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Two reactors of the Barakah Nuclear Power Plant are currently covering 12.5 per cent of the UAE’s electricity requirement, said a top official from the Federal Authority for Nuclear Regulation (FANR).
Christer Viktorsson, Director-General of FANR, told Khaleej Times that 2,800 megawatts of clean energy from Unit 1 and 2, which have been operational, are reaching homes and industries across all the emirates of the UAE.
“Unit 1 and 2 are producing 12.5 per cent of electricity (needs of the UAE). Every unit has a capacity of 1.4 GW. So, it’s now 2.8 GWs (from Unit 1 and 2) when they are fully operational. Unit 1 is currently undergoing refuelling. Unit 2 is operating at 100 per cent. When they start up, we will have two units producing 100 per cent, which means 2,800 MW out to the national grid, and distributed to the industries and homes of the UAE,” Viktorsson said after a press conference held to announce the issuance of operating licence for Unit 3.
Commercial operations of Unit 1 started from April 2021 and Unit 2 from March this year.
Hamad Al Kaabi, UAE’s Permanent Representative to the International Atomic Energy Agency (IAEA) and Deputy Chairman of the board of management of the FANR, noted that Unit 3 has met all the requirements to be granted the operating licence.
“This is another historic moment for the UAE, being the first Arab country in the region to operate a nuclear power plant and culminating efforts of 14 years in building such a programme. This milestone was achieved due to the UAE’s vision and its leadership to build a peaceful nuclear energy programme to cater for the future needs of energy in the country,” Al Kaabi said.
Now, the Emirates Nuclear Energy Corporation’s (ENEC) subsidiary Nawah Energy Company (Nawah), responsible for the operation of the plant located in the Al Dhafra region, will undertake a period of commissioning to prepare for the commercial operation of Unit 3.
Viktorsson said that the operating licence is for a duration of 60 years and authorises Nawah to commission and operate Unit 3.
“The decision to issue the operating licence is a culmination of efforts made by FANR since it received the operating licence application for Unit 3 and 4 from Nawah Energy Company in 2017.”
The intensive assessment included reviewing of 14,000-page application for Units 3 and 4, conducting 120 inspections, analysis of the plant’s layout design, site’s location in terms of geography and demography, the reactor design, cooling systems, emergency preparedness, radioactive waste management, other technical aspects and Nawah’s organisational and manpower readiness with all the required processes and procedures to ensure the safety and security of nuclear power plant.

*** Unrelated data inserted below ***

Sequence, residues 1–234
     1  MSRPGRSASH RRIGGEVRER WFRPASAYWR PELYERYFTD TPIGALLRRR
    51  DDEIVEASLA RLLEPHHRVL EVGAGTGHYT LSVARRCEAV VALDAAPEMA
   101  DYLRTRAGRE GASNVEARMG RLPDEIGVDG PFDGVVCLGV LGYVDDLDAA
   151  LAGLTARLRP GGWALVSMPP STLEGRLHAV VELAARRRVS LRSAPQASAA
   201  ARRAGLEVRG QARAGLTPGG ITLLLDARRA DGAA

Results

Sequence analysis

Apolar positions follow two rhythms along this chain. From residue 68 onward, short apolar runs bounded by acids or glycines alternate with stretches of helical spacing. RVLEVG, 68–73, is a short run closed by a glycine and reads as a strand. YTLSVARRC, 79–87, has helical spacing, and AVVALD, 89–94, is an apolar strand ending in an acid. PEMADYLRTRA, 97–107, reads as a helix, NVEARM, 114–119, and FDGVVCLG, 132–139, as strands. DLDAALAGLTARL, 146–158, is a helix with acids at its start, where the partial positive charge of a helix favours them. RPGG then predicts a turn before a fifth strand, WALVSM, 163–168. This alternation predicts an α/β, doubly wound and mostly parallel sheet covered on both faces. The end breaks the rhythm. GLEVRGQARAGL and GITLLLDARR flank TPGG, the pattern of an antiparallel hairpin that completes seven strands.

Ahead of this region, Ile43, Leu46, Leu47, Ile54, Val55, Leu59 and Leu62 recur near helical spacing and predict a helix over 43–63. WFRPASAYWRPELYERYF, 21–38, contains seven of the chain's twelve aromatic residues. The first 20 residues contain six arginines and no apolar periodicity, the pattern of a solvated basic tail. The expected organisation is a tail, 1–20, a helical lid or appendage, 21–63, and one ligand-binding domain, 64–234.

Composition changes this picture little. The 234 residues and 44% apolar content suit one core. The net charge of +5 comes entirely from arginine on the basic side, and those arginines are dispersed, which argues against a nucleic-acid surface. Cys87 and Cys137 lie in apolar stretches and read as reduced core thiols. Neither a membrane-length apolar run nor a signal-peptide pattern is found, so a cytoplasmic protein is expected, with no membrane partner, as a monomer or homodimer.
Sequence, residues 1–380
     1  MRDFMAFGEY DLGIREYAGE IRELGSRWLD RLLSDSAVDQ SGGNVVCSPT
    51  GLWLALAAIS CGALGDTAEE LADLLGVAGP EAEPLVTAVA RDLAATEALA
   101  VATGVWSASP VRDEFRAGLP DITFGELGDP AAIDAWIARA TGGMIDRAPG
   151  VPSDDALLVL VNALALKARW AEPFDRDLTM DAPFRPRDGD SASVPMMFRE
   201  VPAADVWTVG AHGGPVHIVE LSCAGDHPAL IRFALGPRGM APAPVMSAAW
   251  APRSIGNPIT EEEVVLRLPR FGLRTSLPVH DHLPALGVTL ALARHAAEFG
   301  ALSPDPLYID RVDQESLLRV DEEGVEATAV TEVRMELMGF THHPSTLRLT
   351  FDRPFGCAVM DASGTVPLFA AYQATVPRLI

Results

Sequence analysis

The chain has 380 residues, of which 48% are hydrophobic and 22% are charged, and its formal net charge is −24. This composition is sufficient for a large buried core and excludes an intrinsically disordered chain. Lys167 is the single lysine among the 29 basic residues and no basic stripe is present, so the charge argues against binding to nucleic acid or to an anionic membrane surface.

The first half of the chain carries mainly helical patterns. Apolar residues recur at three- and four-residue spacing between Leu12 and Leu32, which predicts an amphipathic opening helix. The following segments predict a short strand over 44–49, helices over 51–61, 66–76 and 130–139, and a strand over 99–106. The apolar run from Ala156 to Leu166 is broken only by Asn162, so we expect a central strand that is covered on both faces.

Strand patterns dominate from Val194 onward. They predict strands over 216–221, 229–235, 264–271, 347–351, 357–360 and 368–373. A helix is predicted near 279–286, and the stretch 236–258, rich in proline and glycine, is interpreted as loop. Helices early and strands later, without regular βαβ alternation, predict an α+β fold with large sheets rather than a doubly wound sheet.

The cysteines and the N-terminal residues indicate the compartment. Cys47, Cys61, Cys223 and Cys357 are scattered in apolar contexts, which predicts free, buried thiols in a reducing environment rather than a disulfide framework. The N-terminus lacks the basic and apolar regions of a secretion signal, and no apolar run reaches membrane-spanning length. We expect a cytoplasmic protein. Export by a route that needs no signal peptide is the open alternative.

Viktorsson underlined that the assessment process has been done mainly by Emirati experts.
“I would like to underscore that the review of the operating licence application for Unit 3 was conducted by a team consisting of 70 per cent Emirati nuclear experts. This indicates the success of FANR’s strategy in building the capability and skills of Emiratis to regulate the nuclear sector and ensure its sustainability,” Viktorsson pointed out.
Al Kaabi noted that to ensure implementing the highest international standards of nuclear safety, security and non-proliferation, in the past decade the UAE received 11 major peer review missions from the IAEA to review and assess various aspects from nuclear infrastructure, the legal and regulatory system, nuclear safety, nuclear security, emergency preparedness and non-proliferation.
“The UAE Nuclear Energy Programme, including the nuclear law and regulations, conforms to the safety standards of the IAEA and the international best practices, where FANR has ensured its implementation during the construction and operation of the plant.”
Al Kaabi, the UAE’s Permanent Representative to the IAEA, said that the UAE has some concerns over the Iranian nuclear programme.
“The UAE has clear principles for the development of a peaceful nuclear programme. We work closely with IAEA. The UAE’s stand is always to cooperate with IAEA, and to resolve any concerns when it comes to any nuclear programme of any country. In fact, there are some concerns when it comes to the Iranian nuclear programme. We hope to cooperate with IAEA and call for the international society to corporate with IAEA.”
According to reports, Iran has been non cooperating with the IAEA. This week, Iran disconnected some cameras allowing international inspectors to monitor its nuclear activities in response to a Western resolution passed on June 8 in which the UN agency denounced Tehran’s lack of cooperation.
The Barakah plant has four units with overall construction rate at 97 per cent. While Unit 1 and 2 are commercially operational, Unit 3 is in the commissioning phase and construction of Unit 4 is 92 per cent complete. For Unit 4, FANR has received an operational licence application from Nawah.
“It will be assessed in the fourth quarter of this year,” Al Kaabi said.
Viktorsson added: “Both the reactors (Unit 3 and 4) are essentially the same description and safety analysis. All these 14,000 pages of the application applies to both reactors. But they have to complete the construction (of Unit 4). We will now start the process of reviewing the licence application for Unit 4.”
Once all the four reactors are operational, the plant will provide around 25 per cent of the UAE’s electricity, which will be clean, efficient and reliable. The electricity will prevent the release of up to 21 million tonnes of CO2 emission annually — the equivalent of removing 3.2 million cars off the roads each year.
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